So what happened to me before the public outcry that I please put a pleasing facial expression on when observed, was that I was enjoying a nice seafood dinner and a drink in Halfmoon Bay. The bartender and I were bantering all the while, and when I was ready to pay, I was in a very good mood. I signed my check and was putting my wallet away as the guy sitting in a chair one over from me, who has so far not made any attempts at communication, demanded "Smile! It's Saturday night!"

I experienced a weird mix of emotions as a result.

  • The sentence seemed to indicate that the mood he was reading from my face was somehow unfitting for a Saturday night, yet I was perfectly happy after a great meal and a nice conversation with the barkeeper.
  • His remark also seemed fairly impolite in the context of our previous lack of communication.
  • Finally, I felt like he was intruding on me, demanding that I arrange my facial features in a certain way, regardless of how I was feeling. Assuming for a moment that his interpretation of my facial expression was correct, and I was unhappy for some reason, his demand for a smile seems callous.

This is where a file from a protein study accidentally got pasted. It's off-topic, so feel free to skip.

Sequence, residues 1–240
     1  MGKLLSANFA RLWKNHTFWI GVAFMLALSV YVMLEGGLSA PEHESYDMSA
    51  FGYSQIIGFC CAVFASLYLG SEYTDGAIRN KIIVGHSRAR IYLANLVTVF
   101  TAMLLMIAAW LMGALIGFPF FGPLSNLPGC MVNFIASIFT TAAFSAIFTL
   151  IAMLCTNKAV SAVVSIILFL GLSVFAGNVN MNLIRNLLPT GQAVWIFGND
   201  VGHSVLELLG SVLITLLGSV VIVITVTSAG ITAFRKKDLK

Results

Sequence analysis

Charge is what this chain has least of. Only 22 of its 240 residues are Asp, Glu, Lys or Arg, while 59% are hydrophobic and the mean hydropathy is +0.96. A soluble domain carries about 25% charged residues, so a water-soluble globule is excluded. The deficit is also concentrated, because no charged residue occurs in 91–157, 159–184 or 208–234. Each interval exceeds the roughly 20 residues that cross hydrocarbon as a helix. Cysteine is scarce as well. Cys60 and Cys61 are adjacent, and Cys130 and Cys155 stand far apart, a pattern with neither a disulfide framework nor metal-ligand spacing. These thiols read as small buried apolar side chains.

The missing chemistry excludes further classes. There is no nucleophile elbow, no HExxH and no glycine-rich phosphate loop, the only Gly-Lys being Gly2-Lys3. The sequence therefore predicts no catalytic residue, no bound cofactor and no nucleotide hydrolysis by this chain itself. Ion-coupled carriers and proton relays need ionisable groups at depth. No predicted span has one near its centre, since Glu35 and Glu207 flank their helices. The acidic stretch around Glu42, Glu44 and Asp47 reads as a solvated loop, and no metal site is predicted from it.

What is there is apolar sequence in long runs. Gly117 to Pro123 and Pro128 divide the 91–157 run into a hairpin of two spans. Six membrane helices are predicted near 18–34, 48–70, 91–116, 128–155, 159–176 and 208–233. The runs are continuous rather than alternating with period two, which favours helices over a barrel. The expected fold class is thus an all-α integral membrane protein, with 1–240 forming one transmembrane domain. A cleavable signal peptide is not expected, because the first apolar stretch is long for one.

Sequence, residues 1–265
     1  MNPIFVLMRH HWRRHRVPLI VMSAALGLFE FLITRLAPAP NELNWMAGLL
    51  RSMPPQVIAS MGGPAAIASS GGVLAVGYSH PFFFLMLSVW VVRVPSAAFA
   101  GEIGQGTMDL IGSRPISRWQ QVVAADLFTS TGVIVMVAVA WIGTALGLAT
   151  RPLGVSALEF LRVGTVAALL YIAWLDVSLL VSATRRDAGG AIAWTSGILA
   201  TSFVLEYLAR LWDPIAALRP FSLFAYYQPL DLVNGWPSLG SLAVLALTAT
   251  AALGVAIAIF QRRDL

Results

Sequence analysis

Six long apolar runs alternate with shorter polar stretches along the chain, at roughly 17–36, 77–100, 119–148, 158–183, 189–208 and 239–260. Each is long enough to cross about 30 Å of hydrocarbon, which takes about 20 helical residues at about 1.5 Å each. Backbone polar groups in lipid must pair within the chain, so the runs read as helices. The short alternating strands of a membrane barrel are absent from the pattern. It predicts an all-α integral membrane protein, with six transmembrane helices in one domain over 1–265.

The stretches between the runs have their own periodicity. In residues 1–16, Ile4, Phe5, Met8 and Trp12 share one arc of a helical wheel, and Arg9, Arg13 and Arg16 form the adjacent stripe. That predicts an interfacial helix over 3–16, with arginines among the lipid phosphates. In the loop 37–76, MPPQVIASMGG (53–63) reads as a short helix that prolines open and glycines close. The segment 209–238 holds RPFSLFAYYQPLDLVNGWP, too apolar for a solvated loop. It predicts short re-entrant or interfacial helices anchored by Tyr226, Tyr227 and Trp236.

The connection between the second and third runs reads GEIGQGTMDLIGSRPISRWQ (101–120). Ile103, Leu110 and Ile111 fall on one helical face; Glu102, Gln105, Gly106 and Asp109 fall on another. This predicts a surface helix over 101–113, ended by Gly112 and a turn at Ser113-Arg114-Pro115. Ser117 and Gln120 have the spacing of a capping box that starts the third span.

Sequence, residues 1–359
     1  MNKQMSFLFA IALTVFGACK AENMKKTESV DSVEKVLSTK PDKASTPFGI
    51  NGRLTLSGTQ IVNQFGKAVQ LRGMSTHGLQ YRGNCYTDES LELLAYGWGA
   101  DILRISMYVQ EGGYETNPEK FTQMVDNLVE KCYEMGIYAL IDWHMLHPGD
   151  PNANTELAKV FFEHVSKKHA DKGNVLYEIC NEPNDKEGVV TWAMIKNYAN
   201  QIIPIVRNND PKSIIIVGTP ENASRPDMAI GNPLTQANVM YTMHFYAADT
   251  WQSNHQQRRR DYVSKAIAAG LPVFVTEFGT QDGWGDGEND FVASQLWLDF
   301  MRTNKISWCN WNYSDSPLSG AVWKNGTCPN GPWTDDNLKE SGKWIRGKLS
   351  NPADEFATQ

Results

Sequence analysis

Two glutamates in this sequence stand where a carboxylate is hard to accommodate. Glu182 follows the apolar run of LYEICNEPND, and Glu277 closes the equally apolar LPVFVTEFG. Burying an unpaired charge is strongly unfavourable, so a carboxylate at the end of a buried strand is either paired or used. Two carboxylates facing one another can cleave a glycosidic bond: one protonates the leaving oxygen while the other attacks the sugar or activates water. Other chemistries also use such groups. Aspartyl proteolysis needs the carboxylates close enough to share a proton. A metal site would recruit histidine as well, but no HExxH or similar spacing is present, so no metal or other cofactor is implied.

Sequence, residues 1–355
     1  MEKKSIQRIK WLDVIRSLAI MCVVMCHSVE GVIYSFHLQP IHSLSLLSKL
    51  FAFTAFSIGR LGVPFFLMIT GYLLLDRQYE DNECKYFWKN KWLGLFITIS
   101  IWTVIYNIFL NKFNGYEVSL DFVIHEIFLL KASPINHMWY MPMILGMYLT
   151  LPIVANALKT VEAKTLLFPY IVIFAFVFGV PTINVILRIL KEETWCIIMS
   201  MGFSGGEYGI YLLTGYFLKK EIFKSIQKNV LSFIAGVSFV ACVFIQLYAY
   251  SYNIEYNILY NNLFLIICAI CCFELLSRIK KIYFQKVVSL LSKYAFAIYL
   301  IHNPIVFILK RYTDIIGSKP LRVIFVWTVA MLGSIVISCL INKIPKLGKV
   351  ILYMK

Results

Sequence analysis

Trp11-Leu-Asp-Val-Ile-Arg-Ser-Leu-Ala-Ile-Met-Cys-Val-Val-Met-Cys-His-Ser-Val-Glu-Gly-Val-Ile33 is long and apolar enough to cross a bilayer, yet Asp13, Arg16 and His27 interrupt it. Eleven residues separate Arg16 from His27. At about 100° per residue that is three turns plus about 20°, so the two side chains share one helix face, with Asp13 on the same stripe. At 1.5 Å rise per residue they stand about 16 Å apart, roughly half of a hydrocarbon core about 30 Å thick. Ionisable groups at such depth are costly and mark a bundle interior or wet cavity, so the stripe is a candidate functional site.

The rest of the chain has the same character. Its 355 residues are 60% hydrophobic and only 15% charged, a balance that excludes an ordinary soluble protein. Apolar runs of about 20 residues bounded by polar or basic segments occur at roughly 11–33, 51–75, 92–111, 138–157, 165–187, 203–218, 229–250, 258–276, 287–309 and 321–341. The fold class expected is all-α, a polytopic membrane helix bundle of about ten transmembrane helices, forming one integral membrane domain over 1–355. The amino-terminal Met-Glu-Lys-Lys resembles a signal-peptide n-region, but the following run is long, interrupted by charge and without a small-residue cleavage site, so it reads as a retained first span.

I remembered reading about the phenomenon of strangers demanding smiles from women at some point in the past, so I googled it, and here's what I came up with.

This passage is found on Page 247 of Sex differences and similarities in communication by Kathryn Dindia and Daniel J. Canary.

So women are expected to smile more, and when they don't they are assumed to be grumpy. Nice. At least we now know why the guy at the bar took it upon him to heroically brighten my mood.

Now if we could only know what women themselves think about this! Oh wait! We can! They find it just as annoying as I did.

Surprised? Incredulous? Here's more, from Alas! blog. And another Alas! article.